5. Opt out – ethnicity and religion
5.1: Rationale and context
This section aims to provide a summary of the evidence on the potential impact that opt out could have on specific ethnic and religious groups. A wider search was undertaken for a range of protected characteristics ( e.g. disability, age). This was to assess any potential uneven impacts of opt out on particular groups and to support potential mitigation strategies. Ethnicity was selected for this summary as there is a greater need for organs (particularly kidney) from certain minority ethnic groups as the best match for a kidney is from someone within the same ethnic group. Waiting times for kidneys in particular are normally longer for people from minority ethnic groups, who have a higher risk renal failure. For example, the average wait for a White patient is approximately two years for a kidney, whereas for Asian and Black patients it is over three years ( NHS Blood and Transplant , 2017). This is thought to be driven partly by greater demand due to a predisposition to several health conditions that result in kidney failure. It is also driven by supply shortages: in the UK, there is a lower proportion of people from minority ethnic communities on the ODR. In addition, families belonging to minority ethnic groups are less likely to authorise donation and have less positive attitudes regarding organ donation generally (Optimisa Research, 2014).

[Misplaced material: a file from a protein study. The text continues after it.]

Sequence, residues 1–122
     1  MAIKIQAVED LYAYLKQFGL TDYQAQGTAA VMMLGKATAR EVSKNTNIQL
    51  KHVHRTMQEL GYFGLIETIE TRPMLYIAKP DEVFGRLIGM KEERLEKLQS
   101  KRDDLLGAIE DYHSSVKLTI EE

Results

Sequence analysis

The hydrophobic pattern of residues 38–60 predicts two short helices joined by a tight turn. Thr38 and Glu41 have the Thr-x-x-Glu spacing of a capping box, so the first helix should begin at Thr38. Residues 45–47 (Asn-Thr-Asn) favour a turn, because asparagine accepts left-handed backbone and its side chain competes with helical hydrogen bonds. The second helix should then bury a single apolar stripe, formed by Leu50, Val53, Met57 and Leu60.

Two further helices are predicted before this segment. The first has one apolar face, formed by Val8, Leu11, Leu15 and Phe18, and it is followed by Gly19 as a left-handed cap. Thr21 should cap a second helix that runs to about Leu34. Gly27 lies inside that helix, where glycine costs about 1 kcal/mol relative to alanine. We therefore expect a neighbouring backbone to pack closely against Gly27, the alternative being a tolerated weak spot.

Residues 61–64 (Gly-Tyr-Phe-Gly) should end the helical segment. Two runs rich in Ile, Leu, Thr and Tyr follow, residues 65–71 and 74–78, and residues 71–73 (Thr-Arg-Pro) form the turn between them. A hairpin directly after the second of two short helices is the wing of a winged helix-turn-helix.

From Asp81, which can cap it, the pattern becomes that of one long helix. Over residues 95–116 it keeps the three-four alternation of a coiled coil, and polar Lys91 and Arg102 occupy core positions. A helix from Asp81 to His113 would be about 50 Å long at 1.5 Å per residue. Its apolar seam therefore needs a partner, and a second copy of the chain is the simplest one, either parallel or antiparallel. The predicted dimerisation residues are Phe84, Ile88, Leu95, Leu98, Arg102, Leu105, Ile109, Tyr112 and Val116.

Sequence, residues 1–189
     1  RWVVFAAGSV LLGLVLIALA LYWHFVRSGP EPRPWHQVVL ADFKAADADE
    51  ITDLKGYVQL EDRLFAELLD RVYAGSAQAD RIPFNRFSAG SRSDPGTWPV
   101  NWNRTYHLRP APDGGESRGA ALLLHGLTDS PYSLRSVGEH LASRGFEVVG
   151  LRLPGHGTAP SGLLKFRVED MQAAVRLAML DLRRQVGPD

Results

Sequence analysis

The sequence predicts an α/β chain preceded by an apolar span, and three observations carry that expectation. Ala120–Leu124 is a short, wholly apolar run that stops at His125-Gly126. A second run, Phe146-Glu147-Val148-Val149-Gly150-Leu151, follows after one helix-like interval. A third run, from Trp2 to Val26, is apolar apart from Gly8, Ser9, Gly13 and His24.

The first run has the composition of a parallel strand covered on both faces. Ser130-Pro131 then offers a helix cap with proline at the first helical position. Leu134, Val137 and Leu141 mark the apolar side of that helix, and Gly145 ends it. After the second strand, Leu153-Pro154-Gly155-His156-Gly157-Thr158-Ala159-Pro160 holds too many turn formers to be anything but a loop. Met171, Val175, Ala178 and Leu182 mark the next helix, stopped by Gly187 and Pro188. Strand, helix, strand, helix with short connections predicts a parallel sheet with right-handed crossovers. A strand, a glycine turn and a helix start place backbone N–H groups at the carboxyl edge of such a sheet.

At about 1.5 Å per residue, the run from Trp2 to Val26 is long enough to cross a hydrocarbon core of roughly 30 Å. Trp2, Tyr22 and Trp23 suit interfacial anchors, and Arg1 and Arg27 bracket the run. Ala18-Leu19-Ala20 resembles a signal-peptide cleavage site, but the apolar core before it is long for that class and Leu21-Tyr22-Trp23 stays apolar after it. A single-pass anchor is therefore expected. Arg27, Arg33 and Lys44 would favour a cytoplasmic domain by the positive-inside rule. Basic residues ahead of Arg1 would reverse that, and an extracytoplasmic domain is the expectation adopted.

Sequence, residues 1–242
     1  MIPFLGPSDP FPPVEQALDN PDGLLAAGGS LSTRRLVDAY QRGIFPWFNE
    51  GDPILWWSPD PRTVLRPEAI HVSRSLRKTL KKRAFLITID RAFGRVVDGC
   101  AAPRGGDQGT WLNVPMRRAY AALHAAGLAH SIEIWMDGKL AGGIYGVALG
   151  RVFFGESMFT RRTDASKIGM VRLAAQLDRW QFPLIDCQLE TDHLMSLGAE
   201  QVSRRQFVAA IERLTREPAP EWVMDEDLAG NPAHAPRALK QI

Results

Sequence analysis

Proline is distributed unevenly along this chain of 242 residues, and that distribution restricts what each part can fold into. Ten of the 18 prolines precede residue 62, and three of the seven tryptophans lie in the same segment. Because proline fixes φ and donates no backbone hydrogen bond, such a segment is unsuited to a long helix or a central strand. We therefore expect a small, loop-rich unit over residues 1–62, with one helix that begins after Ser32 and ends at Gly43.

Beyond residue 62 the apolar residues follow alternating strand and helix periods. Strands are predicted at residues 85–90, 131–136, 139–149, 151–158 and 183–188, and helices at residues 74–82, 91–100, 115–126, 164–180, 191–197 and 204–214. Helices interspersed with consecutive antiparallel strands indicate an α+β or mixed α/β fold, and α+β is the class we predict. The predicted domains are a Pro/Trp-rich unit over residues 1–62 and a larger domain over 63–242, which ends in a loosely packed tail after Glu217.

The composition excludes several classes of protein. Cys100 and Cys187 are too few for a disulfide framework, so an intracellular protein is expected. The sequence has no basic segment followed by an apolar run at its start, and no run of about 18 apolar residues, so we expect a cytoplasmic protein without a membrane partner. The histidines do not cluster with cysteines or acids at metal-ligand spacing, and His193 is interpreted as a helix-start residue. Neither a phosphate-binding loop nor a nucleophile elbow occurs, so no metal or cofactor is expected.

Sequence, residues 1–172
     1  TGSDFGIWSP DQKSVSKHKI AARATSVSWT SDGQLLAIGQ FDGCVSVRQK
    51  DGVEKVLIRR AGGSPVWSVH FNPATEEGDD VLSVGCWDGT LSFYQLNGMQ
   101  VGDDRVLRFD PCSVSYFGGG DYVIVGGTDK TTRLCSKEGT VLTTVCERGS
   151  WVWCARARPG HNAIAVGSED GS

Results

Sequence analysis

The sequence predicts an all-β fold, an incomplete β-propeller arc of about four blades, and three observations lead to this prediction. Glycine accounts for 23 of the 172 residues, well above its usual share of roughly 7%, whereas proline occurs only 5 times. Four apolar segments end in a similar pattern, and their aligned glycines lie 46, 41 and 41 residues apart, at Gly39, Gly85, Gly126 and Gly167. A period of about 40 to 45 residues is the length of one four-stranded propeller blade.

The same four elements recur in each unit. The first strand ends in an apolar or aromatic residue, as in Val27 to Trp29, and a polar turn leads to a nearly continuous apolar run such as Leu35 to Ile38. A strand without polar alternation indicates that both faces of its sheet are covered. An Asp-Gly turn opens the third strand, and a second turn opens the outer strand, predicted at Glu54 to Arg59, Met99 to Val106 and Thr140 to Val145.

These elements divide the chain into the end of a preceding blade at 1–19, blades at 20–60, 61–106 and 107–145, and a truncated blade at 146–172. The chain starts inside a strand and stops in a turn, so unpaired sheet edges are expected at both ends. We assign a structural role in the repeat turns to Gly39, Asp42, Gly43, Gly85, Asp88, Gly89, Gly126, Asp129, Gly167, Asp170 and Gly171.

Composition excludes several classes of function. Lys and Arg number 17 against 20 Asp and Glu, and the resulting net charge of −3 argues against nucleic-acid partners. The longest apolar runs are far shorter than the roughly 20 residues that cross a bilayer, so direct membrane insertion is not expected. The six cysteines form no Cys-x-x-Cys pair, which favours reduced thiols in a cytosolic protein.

This is particularly important as in the UK demand for organs from minority ethnic donors has increased by approximately 57% over the last five years, faster than in the general population ( NHS Blood and Transplant 2016, 2016). For Scotland, this may be of growing importance as the minority ethnic population continues to increase. Moreover, organs are shared throughout the UK. For example, an organ from Scotland could be transplanted into someone in Wales. Therefore Scotland could be impacted by the overall supply of organs from minority ethnic donors in the UK, although the number of people from minority ethnic groups waiting for an organ in Scotland is proportionately lower than that in England.
Religion was examined in more depth than other characteristics for several reasons:
- Partly due to its partial interaction with ethnicity
- The evidence base for religion (and ethnicity) is more developed than for other characteristics
- There is clearer evidence regarding a potential impact of religion on organ donation
5.2 Minority ethnic groups
Attitudes of minority ethnic groups towards opt out and organ donation more widely
This section examines evidence with regards to the attitudes of ethnic groups as the literature identifies that some of these groups are likely to hold particularly different attitudes from the general population. It is well established in the UK that minority ethnic groups tend to be less supportive of organ donation generally and have greater concerns about it. At a UK level in 2014, support amongst minority ethnic groups for organ donation is lower than in the general population (44% vs. 86%) and only 28% state that they would consider donating their own organs compared to 82% of the population (Optimisa Research, 2014). No evidence was identified on the attitudes of minority ethnic groups towards opt out and this is an area that requires further research. However, given this lower overall support, it is not unreasonable to assert that there is likely to be less support for opt out overall.